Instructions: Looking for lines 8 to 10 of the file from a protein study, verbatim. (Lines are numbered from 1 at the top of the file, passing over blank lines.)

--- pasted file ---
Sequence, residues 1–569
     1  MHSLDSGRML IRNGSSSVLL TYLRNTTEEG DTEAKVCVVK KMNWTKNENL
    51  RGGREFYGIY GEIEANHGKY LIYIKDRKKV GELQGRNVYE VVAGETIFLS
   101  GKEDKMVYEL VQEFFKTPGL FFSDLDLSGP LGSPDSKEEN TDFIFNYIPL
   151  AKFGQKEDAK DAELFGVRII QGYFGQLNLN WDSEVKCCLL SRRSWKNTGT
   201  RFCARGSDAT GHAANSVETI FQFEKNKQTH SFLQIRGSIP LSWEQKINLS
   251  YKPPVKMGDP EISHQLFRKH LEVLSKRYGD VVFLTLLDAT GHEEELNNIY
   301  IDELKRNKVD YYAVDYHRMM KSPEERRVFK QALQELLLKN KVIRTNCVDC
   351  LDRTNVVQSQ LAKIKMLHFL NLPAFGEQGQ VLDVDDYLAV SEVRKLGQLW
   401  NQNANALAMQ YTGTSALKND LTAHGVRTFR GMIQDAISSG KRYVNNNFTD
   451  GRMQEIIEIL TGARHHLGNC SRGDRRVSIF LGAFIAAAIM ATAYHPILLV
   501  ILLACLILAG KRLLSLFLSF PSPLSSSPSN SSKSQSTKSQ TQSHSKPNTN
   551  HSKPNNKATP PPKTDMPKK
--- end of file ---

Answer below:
   301  IDELKRNKVD YYAVDYHRMM KSPEERRVFK QALQELLLKN KVIRTNCVDC
   351  LDRTNVVQSQ LAKIKMLHFL NLPAFGEQGQ VLDVDDYLAV SEVRKLGQLW
   401  NQNANALAMQ YTGTSALKND LTAHGVRTFR GMIQDAISSG KRYVNNNFTD